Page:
29.06.2017 - 01.08.2017
I love England!! Everyone is so nice, and after spending 7 months in Asia, there’s definitely something to be said for being able to understand what people are saying again.
After a very long and uncomfortable flight from Thailand and 2+ hours standing in the immigration line at Heathrow, you’d think I’d immediately crash out at my hotel near Hyde Park, but you would, of course, be wrong. I couldn’t wait to take my poor broken body on a 3+ mile walk around the neighborhood and the park. The architecture is so beautiful and the entire country is in bloom with colorful flowers.
I passed by St. Sophia's, a Greek Orthodox cathedral built in the 1800s, and was peaking inside when a tiny old lady dressed all in black invited me in to take some flowers from the alter display they were dismantling- how lovely!!
Classic Hyde Park: Swan, Kensington Palace and statue of Queen Victoria.
I found a tea shop nearby and had my first cup of English tea. I don’t know what kind of magic they use to make tea over here, but it’s ever so delicious! I By the time I finally dragged myself back to the hotel I looked and felt like an extra for the Walking Dead.
The reason I ended up in London was to see Phil Collins at a big festival in Hyde Park. I had my eticket on my phone, a raincoat, a sweater and a sun hat to prepare for the ever changing weather and since it was such a nice day, walked the mile or so to the venue. When I tried to get in, I found I had no cell service and the ticket wouldn't load - I ended up an a no man's land between the bag search area and the ticket gate- the festival staff were so nice and we eventually found an old email on my phone verifying the purchase and they let me in- Whew! I immediately went to the cider stand and had the first of many of these delicious beverages I would enjoy on this trip. Blondie opened for Phil Collins and she was freaking awesome! I had forgotten how many of her old songs I liked and the new stuff was really excellent as well. If she ever comes to a venue near you , GO!
The concert was standing only and by the time Phil Collins came on we were packed in closer than sardines, balancing on top of about 10,000 beer cans and wine bottles; I couldn't help but think about the soccer stampedes here that crushed people. I also thought it was odd that, other than a few teen aged event staff, there was NO security- not a cop in sight. I was really surprised, as the Manchester concert bombing had occurred only a couple weeks prior so I expected to see police everywhere. Anyway, Phil Collins was great! His voice isn't exactly perfect any more but the band was phenomenal. When they did "In the Air Tonight" I was completely blown away- I'd go back any day just to hear that again- it was just amazing. Also, his son is now the drummer for the band- he's a real cutie and it was so cool to see him performing with his dad.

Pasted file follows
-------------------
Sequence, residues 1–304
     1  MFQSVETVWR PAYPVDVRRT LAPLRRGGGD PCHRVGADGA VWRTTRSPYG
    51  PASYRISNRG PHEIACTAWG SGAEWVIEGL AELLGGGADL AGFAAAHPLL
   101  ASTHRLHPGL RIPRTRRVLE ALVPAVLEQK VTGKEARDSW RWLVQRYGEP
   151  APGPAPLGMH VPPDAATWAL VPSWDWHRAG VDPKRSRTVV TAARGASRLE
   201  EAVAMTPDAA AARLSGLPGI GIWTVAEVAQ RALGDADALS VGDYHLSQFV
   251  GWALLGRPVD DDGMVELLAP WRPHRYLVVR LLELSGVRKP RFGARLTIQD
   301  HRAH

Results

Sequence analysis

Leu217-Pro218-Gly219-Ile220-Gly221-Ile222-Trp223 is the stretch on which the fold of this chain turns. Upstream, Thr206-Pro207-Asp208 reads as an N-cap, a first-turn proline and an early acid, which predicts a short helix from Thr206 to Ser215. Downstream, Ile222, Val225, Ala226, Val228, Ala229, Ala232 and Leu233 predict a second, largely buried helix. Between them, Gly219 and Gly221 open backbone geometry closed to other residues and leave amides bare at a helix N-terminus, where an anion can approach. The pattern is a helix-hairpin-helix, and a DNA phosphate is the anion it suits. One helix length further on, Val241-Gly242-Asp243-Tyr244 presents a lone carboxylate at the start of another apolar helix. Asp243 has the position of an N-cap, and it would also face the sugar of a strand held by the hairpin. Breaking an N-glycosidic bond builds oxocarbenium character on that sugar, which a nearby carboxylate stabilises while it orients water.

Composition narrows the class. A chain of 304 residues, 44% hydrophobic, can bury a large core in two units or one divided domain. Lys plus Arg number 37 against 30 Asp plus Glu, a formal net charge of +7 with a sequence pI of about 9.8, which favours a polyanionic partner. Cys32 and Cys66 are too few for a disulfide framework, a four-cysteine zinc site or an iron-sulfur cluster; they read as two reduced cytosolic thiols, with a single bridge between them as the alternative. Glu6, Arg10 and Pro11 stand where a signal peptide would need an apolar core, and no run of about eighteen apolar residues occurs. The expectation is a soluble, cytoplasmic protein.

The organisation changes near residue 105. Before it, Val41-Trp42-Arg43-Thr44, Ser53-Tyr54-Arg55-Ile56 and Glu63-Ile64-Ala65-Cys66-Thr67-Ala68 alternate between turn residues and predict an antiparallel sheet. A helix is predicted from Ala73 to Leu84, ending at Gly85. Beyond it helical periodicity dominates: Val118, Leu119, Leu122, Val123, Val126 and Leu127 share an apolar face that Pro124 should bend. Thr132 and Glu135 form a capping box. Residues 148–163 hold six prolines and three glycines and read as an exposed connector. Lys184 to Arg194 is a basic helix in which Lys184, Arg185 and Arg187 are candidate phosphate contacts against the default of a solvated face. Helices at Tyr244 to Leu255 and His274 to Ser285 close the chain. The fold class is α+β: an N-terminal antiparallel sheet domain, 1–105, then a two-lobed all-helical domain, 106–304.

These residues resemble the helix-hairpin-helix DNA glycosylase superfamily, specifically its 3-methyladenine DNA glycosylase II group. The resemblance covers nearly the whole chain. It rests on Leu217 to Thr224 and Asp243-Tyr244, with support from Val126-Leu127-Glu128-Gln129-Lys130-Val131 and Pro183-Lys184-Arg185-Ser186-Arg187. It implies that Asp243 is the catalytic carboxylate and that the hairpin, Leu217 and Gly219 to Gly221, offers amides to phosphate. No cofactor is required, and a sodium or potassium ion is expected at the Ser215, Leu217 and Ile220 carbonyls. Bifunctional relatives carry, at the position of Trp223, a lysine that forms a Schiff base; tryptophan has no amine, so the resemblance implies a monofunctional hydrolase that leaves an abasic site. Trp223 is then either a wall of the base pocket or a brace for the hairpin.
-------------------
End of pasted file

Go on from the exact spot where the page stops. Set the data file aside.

Leaving the concert was an interesting experience. At least half the people were literally falling down drunk and a few were having screaming fights. Keeping in mind that everyone was pretty much over 40, I was a bit taken aback.
The next day I went down to beautiful Soho where every building is more interesting than the next. Then I wandered down to the National Gallery and was in heaven. I went on a short tour and although we only looked at 4 paintings, I couldn't get over how much there was to learn about each of them- the provenance, the historical significance, the symbolism, the type of paint, the colors, the styling, the artist, etc. - unbelievable! I want to go back to school and major in art history. I loved the one below "The Abduction of Helen" circa 1440. Helen is literally being kidnapped by Paris, and her friends are all " Oh, Helen- so much drama- whatever".
Trafalgar Square is right outside the National Gallery and it happened to be Canada Day- again, huge crowds, no cops. And if there is any doubt that the current US administration is viewed as a total laughingstock overseas, see below. This sidewalk artist was raking in the cash.
I also popped into a St Martins in the Field- there's been a church on this site since the 1200's and the unusual east window is from 2008. I was lucky enough to hear a rehearsal of that night's classical concert- great acoustics in these old buildings!
That night I saw "Bat Out of Hell" at the London Coliseum. Apparently, since this is also the home of the English National Opera, there was some controversy about it being an appropriate venue for a rock and roll musical- tut tut. The show was so much fun- it was a bit of a stretch to build a plot around the 3 albums and the lead singer was no Meat Loaf, but I loved it! How come I can remember every word of those songs 20 years later, but I can't remember where I put my phone 5 minutes ago?!
There's so much to see and do in London- I'll be in the city a few more times during the next couple of months and I'll still only be scratching the surface.
Next on the agenda, Brighton!